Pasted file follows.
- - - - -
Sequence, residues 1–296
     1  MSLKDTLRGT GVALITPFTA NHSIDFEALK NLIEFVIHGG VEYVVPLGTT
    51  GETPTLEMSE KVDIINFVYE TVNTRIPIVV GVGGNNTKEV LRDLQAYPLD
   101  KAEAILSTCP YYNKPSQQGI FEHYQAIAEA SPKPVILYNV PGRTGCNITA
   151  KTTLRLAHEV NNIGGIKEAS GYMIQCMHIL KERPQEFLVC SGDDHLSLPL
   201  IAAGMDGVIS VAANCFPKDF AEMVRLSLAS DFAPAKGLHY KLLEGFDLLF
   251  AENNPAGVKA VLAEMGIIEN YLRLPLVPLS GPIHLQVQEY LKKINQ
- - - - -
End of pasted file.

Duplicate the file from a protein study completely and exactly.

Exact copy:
Sequence, residues 1–296
     1  MSLKDTLRGT GVALITPFTA NHSIDFEALK NLIEFVIHGG VEYVVPLGTT
    51  GETPTLEMSE KVDIINFVYE TVNTRIPIVV GVGGNNTKEV LRDLQAYPLD
   101  KAEAILSTCP YYNKPSQQGI FEHYQAIAEA SPKPVILYNV PGRTGCNITA
   151  KTTLRLAHEV NNIGGIKEAS GYMIQCMHIL KERPQEFLVC SGDDHLSLPL
   201  IAAGMDGVIS VAANCFPKDF AEMVRLSLAS DFAPAKGLHY KLLEGFDLLF
   251  AENNPAGVKA VLAEMGIIEN YLRLPLVPLS GPIHLQVQEY LKKINQ